There are three versions of the BA 5590 battery: Lithium-sulfur dioxide, Lithium-manganese dioxide and Lithium-ion.  However, the primary product relied upon by the U.S military is the Lithium-sulfur dioxide battery.  This battery has been powering communication applications over the past 10 to 15 years.  It is the only Lithium technology currently  available that has a proven track record in combat situations.
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 EaglePicher Inc. acquires controlling interest in a Lithium-ion battery manufacturer, Kokam Engineering Co. Ltd. of South Korea.  EaglePicher signed an exclusive agreement  to license Kokam’s technology for government  applications worldwide.  Kokam will distribute selected EaglePicher products in northern Asia.
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 Advanced Rechargeable Battery Program for Pointer UAV
The USAF Munitions directorate with Compact Power Inc., designed and built, in less than 45 days, a rechargeable Lithium battery pack to power the Special Operations Command Pointer Unmanned air vehicle. Rechargeable packs will operate for 400 missions, reducing costs by a factor of 60. Recharge time will be about that of one mission so that upon retrieval of the vehicle, an alternate pack will be ready to power it for a next mission. Chargers run from a variety of commonly available ac and dc power sources.
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 (May 2004) Hitachi and Shin-Kobe Electric Machinery Company consider joint venture to market, develop and manufacture  Lithium-ion batteries  for HEVs (Hybrid Electric Vehicles). The two companies formed the world’s first group to mass produce a Lithium-ion battery for electric scooters.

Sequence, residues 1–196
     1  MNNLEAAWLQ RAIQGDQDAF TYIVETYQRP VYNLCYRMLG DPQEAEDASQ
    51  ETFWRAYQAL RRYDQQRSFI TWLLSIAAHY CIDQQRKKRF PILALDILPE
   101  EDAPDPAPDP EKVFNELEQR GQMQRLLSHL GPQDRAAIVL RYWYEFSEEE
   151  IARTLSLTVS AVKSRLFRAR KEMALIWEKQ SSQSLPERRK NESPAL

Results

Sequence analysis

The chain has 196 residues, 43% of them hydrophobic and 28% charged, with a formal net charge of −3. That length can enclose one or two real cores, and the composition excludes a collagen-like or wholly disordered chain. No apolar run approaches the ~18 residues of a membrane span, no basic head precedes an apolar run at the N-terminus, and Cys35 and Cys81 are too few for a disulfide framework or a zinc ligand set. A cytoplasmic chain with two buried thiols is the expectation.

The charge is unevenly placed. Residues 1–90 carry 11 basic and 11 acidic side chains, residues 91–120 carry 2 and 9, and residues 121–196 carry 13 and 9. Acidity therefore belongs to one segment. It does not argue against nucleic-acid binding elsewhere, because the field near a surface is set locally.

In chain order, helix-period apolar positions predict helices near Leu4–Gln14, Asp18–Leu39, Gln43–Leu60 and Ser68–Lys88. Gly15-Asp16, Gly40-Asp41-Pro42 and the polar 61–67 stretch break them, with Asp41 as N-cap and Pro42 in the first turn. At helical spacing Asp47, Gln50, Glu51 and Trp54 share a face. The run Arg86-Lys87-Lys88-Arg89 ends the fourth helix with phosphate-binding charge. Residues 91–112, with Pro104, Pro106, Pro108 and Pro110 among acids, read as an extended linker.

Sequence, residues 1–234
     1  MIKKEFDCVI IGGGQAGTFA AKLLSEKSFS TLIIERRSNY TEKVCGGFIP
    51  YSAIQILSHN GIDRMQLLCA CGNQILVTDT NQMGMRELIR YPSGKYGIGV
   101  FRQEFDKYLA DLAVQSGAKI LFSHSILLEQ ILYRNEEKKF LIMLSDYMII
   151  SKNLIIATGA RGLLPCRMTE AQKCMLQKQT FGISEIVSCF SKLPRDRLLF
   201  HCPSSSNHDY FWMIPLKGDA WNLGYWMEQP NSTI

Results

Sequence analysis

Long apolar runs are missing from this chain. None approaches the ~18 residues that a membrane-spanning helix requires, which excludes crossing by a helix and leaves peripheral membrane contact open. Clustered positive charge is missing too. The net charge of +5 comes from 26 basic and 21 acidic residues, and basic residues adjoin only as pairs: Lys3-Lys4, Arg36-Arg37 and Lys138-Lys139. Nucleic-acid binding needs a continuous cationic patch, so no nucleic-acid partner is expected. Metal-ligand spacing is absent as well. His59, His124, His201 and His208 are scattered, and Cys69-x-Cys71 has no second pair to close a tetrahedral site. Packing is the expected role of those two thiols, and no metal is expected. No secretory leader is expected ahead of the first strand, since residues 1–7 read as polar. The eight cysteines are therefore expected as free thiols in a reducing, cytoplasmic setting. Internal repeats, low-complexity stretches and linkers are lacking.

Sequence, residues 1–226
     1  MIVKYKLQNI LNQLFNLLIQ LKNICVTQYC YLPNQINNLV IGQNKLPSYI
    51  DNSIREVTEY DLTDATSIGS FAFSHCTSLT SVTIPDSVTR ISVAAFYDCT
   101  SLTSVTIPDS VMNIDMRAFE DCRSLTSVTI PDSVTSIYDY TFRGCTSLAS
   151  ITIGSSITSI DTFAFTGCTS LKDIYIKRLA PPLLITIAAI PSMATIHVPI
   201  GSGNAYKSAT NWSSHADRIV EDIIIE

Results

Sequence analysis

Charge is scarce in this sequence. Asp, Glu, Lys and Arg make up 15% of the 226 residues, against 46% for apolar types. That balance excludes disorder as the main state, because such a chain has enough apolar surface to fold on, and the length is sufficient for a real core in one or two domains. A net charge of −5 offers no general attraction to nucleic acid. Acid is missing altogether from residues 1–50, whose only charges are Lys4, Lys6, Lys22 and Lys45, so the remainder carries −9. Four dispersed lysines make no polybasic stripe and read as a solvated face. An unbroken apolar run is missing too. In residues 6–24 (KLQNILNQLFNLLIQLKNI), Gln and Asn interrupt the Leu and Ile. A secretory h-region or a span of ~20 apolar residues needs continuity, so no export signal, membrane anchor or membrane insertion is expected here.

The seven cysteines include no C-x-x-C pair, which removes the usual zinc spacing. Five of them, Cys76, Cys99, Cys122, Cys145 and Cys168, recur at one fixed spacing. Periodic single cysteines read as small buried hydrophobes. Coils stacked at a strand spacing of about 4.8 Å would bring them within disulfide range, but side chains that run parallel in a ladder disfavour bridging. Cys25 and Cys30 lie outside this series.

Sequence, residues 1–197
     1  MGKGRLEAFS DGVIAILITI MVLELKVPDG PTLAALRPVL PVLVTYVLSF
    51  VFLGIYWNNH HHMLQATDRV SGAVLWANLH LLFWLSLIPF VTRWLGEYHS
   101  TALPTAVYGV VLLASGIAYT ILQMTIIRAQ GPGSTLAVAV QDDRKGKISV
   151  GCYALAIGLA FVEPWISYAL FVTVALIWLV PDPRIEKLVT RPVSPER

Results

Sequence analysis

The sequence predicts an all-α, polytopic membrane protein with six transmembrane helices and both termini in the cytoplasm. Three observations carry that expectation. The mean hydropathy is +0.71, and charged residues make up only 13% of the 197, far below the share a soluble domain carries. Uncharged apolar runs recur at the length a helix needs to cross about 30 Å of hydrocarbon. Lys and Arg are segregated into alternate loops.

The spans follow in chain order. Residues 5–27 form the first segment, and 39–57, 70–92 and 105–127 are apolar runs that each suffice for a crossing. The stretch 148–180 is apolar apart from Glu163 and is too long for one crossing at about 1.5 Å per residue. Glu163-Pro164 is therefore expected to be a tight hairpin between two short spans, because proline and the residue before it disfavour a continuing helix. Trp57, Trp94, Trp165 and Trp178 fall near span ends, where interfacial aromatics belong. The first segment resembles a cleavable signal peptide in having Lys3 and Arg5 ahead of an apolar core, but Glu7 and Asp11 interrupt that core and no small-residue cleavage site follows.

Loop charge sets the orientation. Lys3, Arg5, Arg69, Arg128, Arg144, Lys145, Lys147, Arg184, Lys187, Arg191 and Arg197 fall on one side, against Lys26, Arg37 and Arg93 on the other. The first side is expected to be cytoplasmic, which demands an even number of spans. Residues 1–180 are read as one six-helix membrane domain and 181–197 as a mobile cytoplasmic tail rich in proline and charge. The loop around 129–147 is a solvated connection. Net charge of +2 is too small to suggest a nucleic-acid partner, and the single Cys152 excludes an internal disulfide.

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 (April 2004) Matsushita Battery Industrial Co. will make Lithium-ion batteries in China. The plant in Wuxi, southeastern China will be able to produce 3 million batteries per month; these batteries will be used in mobile phones.  Matsushita Battery’s total monthly output, including those made in China, will be 38 million units.
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(Sept. 2003) Ener1 receives order for  batteries from Nissan Motor Company.  Nissan is interested in Ener1’s new electrodes which are based on a new lithium battery concept that involves a nano-structure process.  Based on this technology, batteries increase their discharge rates by up to 25 times and have increased cycle life, also. Smaller size and weight are other  positive features of the new batteries.